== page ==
Thursday, March 20, 2008

Movies of Note: No Country for Old Men

You know, I hadn't even heard of No Country for Old Men until it won the Oscar for Best Picture. (Truth be told, I don't hear much about any movies nowadays, but whatever.) However, I enjoy many of the works of the Coen Brothers, so I decided to give it a look.

And let me tell you, it's quite good.

No, I'm not going to go into a full-blown review of it, but I will say a few points.

First, this movie gets really tense. Like, napkin-ripping tense. Personally, I consider this a good thing.

Second, there is so much ingenuity in the way almost every character utilizes normal, everyday objects that you'd think you were watching a live feed from the MacGyver convention.

Third, and this is something I've heard elsewhere, the ending ain't too great. But apparently the Coen Brothers followed the book quite closely, so I guess this means that's the book's ending ain't too great either. Still, it won the Oscar despite the ending, so rest assured that 95% is good.

There are a lot of interesting characters (as their usually seem to be in a Coen Brothers movie) but most of them don't seem to get enough screentime. But again, the movie closely follows the book, so you can blame the original author (um....Cormac McCarthy!) for that. The only real character you feel you see enough of is the protagonist, a random Texan hunter/Vietnam vet named Llewelyn (though I swore for the first half of the movie, I thought they were calling him "Luann").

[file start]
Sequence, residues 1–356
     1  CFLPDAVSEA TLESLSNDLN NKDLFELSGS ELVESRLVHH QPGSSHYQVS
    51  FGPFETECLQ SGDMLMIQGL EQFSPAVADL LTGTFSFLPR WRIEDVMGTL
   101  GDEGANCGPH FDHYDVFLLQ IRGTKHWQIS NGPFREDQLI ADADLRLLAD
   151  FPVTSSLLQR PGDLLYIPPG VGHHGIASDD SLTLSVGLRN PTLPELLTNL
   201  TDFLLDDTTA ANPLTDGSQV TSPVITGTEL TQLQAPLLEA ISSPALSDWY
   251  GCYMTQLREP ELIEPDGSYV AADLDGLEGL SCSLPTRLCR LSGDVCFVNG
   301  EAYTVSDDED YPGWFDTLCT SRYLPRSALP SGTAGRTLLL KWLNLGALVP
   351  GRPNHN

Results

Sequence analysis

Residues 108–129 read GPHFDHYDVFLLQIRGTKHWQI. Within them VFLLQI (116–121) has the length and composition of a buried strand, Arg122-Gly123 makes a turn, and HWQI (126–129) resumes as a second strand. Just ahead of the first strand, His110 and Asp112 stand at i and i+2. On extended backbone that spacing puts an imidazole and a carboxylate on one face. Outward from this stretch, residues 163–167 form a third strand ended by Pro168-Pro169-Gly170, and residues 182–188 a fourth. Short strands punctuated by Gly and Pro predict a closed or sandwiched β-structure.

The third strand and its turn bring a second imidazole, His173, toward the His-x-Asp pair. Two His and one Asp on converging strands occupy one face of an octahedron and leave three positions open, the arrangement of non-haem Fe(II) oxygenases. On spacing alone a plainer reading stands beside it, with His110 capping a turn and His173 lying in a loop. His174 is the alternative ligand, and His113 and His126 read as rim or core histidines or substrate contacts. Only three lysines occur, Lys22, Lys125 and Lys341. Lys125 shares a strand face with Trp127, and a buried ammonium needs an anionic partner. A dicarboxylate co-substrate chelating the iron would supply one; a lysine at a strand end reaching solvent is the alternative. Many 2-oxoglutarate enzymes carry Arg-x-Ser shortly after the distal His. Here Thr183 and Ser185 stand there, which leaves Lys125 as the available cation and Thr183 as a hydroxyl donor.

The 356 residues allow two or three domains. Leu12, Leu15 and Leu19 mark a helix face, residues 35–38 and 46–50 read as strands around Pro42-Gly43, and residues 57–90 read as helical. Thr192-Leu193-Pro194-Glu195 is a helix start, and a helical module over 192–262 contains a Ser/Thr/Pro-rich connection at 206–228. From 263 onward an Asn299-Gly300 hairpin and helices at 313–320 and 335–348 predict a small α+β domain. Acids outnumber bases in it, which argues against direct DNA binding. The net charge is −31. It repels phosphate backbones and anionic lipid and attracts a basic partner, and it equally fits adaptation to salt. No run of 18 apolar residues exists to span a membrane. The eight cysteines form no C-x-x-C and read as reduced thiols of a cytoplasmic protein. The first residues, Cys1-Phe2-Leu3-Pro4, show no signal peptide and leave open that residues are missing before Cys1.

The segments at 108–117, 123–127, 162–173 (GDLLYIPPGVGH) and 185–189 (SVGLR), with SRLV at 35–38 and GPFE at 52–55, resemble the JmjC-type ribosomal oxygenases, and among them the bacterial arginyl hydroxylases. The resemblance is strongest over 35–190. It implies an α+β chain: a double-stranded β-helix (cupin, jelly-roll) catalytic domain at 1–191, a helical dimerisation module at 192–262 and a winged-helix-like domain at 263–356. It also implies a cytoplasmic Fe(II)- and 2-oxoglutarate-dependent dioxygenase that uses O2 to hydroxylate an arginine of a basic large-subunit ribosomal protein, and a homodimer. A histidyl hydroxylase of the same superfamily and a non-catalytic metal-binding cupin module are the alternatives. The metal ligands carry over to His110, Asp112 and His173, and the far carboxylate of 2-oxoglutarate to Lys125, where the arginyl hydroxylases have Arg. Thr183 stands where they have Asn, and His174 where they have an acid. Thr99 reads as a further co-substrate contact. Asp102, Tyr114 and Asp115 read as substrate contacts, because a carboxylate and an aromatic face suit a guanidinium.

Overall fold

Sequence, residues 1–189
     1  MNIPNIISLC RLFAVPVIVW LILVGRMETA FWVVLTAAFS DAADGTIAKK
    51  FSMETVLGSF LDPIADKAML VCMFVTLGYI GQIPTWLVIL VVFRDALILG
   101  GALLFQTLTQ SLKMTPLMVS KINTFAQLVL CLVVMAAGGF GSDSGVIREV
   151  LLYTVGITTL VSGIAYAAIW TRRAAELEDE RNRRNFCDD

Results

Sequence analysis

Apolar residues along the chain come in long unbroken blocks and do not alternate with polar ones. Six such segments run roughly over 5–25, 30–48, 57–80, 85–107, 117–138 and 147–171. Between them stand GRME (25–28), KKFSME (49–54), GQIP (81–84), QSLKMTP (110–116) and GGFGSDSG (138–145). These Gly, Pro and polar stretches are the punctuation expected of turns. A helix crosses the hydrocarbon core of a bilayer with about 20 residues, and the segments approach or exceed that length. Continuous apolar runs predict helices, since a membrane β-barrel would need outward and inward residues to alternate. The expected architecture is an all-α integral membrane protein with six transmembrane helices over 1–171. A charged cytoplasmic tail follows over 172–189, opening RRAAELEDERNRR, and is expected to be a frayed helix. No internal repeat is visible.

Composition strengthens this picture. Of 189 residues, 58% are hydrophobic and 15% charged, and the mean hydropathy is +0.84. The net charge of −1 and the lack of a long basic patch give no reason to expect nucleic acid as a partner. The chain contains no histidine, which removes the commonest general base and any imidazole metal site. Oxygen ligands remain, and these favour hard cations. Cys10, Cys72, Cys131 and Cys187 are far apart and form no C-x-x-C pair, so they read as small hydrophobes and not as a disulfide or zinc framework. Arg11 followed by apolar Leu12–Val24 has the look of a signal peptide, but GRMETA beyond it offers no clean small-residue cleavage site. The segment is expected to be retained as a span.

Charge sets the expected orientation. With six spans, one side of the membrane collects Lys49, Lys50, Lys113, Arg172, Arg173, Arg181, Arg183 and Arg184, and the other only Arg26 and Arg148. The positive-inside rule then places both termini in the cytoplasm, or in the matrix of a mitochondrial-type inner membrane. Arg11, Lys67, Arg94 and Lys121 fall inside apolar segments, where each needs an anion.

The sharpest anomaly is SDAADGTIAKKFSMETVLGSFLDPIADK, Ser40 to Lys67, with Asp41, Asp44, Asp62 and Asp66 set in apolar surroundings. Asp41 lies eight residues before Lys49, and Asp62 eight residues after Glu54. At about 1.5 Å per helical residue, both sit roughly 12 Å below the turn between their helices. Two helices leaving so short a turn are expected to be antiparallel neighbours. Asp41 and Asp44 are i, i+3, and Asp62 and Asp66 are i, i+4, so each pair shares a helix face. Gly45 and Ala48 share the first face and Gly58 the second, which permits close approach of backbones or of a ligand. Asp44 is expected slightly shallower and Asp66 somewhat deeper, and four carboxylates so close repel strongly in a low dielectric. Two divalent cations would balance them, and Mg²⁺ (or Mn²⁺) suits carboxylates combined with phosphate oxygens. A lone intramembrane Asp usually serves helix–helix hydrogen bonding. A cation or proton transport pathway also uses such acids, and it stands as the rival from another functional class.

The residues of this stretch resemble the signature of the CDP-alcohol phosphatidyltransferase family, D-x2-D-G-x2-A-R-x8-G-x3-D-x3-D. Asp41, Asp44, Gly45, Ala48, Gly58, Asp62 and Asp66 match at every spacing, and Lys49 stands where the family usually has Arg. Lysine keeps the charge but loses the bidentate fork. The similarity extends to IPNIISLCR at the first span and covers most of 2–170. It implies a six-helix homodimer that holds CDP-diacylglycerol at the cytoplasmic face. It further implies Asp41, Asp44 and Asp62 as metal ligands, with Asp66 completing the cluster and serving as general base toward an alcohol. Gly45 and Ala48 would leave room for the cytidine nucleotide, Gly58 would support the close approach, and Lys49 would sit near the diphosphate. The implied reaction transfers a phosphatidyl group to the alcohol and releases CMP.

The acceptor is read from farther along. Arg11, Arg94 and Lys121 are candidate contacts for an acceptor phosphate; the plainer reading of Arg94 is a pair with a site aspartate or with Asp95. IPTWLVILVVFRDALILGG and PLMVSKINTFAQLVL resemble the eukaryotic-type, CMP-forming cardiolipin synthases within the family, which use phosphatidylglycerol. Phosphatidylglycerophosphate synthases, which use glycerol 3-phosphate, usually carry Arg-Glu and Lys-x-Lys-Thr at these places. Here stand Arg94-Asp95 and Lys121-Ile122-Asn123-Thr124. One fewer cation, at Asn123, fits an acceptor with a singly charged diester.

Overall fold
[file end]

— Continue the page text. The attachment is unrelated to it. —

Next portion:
Really, though, the true main character in this story is actually the villain. The guy who played him apparently won the Oscar for Best Supporting Actor, and I think it's well-deserved. He really has a presence on screen, and it's not just because of his outlandish hair. The character himself is quite interesting, as he is a psychopathic killer, but as the story progresses, you can get just a hint of what his underlying values are. It's like, you can tell there is a method to his madness, but you don't fully understand what it is. One thing he does seem to have - at least, in my interpretation - is a very set idea of reaping what you sow. He thinks that all your actions lead you up to every point in your life, and each decision you make should affect whether you live or die.

I think this kind of idea is summed up quite well in one tense scene, which for some reason stood out from the rest. Rather than describe it, I'll just show the video. Don't worry, no real spoilers. As a simple set-up, the killer is at a gas station. That's about it.

So there you go.

If you mind neither a bunch of Texan accents or quite a bit of gritty violence, I highly recommend (with both thumbs) that you see this movie.

1 comment:

Anonymous said...

No pais por los viejeos...

Well, that would be the Ms. Wilkinson version of it. I wonder if she would have people translate an entire movie into Spanish.

-Comrade Chavez